Government plans for new normal


  • Economy
  • Friday, 29 May 2020

Minister in the Prime Minister’s Department Datuk Seri Mustapa Mohamed: “A number of short term plans have been announced by the Finance Ministry and they are now working on some medium term plans which I am also a part of.”

PETALING JAYA: The government is in the midst of formulating longer term policy measures for the country’s economy to transit to the new normal of doing things, said Minister in the Prime Minister’s Department Datuk Seri Mustapa Mohamed.

“These are short, medium and long term plans (that are being thought of) for the country.

“A number of short term plans have been announced by the Finance Ministry and they are now working on some medium term plans which I am also a part of, ” Mustapa said in his closing address at the “Growing Business Against The Tides of Disruptions” webinar.

“My focus will be on the longer term plans for the country.

“Some of these are the structural changes that are happening, such as e-learning; some people in the rural areas don’t have laptops nor smartphones so they don’t have access to it.

“These are issues which have surfaced and it is a structural problem which needs to be addressed by the government with high priority, ” he added.

These long term plans will be announced by the government in the next three to four months, Mustapa said.

He said that the government had learnt much through the Covid-19 crisis and acknowledged that the country is now in the midst of a “very deep recession.”

He said the Economic Action Council had recently been upgraded to a decision-making body.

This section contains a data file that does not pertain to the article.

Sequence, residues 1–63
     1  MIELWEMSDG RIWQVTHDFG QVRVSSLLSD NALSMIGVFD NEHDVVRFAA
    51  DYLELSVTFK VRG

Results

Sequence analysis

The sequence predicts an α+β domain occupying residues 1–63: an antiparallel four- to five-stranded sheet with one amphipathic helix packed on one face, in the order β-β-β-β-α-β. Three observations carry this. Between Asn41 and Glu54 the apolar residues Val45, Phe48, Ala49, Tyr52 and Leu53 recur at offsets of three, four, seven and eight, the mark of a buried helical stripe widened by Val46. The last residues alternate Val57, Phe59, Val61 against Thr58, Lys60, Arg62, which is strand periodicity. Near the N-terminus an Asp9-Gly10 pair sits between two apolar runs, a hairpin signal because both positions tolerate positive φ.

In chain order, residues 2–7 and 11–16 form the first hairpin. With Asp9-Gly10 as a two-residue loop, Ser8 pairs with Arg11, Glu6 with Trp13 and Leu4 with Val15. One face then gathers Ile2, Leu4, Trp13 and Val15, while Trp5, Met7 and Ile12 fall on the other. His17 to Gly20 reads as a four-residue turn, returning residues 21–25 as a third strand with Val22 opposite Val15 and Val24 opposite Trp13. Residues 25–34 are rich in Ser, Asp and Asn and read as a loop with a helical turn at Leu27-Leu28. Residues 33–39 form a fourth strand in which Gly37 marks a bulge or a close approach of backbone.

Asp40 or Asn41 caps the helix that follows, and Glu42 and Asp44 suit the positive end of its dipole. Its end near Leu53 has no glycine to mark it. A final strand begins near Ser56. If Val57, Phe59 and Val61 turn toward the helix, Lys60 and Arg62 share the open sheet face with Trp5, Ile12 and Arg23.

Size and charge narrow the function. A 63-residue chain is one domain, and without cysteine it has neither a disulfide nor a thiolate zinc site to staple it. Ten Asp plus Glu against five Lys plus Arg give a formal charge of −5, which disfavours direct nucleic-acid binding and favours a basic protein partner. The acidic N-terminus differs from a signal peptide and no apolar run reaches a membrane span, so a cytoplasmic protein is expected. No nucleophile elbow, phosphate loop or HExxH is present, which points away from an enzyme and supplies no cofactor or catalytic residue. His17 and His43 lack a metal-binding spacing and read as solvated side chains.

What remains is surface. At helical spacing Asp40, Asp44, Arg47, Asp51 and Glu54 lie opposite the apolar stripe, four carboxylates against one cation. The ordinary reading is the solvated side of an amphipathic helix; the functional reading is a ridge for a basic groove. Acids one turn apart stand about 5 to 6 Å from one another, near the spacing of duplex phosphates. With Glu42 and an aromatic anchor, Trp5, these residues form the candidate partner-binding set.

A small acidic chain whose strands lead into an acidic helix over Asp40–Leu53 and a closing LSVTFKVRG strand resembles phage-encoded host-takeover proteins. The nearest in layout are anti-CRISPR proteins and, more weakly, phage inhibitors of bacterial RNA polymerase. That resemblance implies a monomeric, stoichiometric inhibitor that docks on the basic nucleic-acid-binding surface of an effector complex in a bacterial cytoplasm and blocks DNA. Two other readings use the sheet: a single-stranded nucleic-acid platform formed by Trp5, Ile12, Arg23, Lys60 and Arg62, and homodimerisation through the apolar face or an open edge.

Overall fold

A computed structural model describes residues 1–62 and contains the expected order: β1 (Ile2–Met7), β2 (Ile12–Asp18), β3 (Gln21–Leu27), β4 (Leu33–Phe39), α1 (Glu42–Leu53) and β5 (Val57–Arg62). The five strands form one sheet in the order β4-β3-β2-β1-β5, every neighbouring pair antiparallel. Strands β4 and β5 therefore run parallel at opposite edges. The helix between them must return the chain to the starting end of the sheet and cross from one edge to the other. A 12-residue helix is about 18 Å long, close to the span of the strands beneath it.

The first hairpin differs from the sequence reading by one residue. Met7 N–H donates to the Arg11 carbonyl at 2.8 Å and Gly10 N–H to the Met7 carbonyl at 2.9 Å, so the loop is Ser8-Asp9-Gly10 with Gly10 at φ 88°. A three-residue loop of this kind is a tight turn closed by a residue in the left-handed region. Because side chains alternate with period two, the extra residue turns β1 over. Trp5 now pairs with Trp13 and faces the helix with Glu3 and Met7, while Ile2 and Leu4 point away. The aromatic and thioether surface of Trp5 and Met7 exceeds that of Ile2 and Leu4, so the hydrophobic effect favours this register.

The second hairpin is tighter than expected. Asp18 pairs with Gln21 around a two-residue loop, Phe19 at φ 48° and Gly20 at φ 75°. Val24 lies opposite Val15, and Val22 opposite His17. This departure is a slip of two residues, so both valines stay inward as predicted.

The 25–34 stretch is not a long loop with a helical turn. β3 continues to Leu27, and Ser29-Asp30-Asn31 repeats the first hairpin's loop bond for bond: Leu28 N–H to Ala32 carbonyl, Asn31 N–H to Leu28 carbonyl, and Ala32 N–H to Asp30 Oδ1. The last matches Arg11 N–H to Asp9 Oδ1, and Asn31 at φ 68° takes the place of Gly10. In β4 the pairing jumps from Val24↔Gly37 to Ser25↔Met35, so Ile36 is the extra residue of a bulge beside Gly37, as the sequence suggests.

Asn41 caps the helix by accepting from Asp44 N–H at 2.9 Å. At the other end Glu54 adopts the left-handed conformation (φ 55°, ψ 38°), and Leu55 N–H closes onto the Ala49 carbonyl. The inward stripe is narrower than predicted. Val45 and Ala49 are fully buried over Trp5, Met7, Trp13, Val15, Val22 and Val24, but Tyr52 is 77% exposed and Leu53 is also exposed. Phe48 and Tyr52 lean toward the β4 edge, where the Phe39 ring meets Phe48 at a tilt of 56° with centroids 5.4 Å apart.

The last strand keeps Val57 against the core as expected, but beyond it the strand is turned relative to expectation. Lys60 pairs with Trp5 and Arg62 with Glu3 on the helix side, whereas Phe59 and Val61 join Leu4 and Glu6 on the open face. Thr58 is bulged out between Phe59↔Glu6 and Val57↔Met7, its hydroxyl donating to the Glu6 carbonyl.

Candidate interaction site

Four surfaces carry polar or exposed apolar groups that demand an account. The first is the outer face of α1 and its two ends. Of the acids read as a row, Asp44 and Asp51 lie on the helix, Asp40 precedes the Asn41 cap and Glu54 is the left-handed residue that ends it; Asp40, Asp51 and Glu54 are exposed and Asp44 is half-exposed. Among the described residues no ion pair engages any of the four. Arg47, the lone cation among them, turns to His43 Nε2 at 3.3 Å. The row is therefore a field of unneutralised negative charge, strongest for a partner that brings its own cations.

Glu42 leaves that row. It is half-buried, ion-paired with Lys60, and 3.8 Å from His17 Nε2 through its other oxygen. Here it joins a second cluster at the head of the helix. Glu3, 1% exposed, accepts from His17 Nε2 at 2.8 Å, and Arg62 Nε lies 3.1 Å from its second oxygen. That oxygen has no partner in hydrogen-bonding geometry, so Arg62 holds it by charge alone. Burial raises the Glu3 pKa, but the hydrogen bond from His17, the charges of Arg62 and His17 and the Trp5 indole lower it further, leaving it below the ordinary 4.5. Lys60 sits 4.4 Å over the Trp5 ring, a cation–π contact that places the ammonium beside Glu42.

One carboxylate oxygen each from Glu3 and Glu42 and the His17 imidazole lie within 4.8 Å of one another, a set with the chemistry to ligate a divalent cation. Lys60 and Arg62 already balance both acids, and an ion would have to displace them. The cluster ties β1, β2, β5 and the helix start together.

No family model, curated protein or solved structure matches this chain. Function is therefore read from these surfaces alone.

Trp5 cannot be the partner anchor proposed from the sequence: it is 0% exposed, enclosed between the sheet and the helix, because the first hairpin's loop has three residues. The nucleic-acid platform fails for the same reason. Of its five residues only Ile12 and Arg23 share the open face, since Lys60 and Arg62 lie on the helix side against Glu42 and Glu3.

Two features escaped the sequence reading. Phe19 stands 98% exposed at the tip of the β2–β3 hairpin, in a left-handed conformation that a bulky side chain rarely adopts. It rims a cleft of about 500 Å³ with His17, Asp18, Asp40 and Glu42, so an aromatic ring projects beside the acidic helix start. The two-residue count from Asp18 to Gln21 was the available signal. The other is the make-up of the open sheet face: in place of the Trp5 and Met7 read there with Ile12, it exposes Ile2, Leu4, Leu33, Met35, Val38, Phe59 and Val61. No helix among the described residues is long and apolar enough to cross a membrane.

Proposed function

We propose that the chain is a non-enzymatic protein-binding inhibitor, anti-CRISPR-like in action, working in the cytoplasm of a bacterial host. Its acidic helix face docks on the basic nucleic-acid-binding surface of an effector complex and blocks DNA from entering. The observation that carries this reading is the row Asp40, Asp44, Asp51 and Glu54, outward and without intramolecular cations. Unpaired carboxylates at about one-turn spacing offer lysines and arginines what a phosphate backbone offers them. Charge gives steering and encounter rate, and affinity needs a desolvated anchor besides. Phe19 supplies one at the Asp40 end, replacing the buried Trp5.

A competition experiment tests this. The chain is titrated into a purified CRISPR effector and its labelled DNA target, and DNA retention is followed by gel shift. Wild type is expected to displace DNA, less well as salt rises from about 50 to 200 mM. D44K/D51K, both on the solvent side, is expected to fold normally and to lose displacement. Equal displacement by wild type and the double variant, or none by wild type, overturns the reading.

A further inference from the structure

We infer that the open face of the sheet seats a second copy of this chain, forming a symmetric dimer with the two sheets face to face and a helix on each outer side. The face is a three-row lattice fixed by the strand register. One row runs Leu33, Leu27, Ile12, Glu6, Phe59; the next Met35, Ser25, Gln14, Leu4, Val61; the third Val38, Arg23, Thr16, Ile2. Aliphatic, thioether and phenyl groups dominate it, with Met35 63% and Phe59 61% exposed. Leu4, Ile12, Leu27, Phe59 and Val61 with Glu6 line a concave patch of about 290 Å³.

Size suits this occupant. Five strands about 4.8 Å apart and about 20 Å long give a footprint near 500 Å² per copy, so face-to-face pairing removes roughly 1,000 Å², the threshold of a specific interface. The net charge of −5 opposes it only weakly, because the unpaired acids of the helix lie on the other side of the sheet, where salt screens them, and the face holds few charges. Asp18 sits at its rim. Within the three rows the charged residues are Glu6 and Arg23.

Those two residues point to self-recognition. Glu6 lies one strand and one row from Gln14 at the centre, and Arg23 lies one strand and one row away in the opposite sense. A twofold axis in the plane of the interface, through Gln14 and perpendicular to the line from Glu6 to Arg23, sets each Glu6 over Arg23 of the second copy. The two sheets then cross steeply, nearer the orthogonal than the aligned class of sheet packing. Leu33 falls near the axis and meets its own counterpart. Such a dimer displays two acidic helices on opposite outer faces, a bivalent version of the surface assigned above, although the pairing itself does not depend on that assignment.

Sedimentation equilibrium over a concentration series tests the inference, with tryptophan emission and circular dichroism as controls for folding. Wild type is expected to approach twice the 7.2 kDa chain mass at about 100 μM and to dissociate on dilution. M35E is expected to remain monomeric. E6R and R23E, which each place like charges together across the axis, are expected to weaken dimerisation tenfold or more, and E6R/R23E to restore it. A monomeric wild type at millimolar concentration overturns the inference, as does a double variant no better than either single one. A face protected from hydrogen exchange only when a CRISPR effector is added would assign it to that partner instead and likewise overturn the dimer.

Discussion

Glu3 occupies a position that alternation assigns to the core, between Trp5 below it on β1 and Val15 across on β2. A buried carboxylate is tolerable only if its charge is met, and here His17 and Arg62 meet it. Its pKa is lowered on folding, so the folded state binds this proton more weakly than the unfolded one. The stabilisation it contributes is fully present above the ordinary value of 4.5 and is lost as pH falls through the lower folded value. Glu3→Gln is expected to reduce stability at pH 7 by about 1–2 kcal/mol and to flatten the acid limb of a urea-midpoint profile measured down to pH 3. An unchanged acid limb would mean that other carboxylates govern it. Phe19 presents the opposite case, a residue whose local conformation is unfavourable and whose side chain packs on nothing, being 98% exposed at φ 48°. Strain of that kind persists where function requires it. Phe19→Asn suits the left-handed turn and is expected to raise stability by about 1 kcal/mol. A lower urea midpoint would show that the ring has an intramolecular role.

“The priority now is to ensure that companies and the various sectors of the Malaysian economy respond quickly to the decision taken by the government, ” he said.

“We need patience, agility and to respond very quickly to this changing landscape based on data and statistics with lots of engagements, ” he added.

Mustapa said other areas that will be addressed by the government included structural reforms in the area of foreign labour.

“This needs a major redo for this country.

“In the last few weeks a few challenges have been exposed, including accommodation for these foreign workers.

“We have other issues such as hotels that are closing their business and the tourism industry, ” he said.

Mustapa also said that there has been a re-definition of work now from the typical 9-5pm job towards the gig economy and the government will also look into this area.

He said all these structural changes in the economy would be factored into the long term plans that his ministry is formulating for the country.

“Farmers have become more digital while I have met some people in the logistics companies and they are experiencing good business.

“As a country, we need to take into account all these structural changes and factor into our long term planning, ” he said.

“In other words, what was relevant a few months ago, say in January and February of this year is not relevant anymore moving forward, ” he added.

Mustapa noted that foreign direct investments (FDIs) and domestic investments continue to be a very important pillar of growth for the country.

“We need to ensure that domestic investors continue to put money into this country. There must be confidence in Malaysia and this is important: consumer, business and foreign inventors confidence. Malaysian Investment Development Authority will come up with new strategies moving forward to ensure we continue to maintain our position in the key export sectors, ” he said.

These key export sectors include in the area of electrical and electronics (E&E) exports and the manufacturing sector.

Meanwhile, Malaysia External Trade Development Corp CEO Wan Latiff Wan Musa said that he believes the global supply chain will remain intact despite the Covid-19 pandemic.

“I don’t think there is any single country that can produce everything. Whether we like it or not we would still have to depend on each other. International trade is about leveraging on the respective comparative advantages of (different) economies, ” he said.

He said countries would need various raw materials, technology, knowledge or labour to produce a product that could not only be sourced from a sole country.

“The global supply chain will remain intact more so especially for complex supply chains such as the E&E industry, ” Wan Latiff said.

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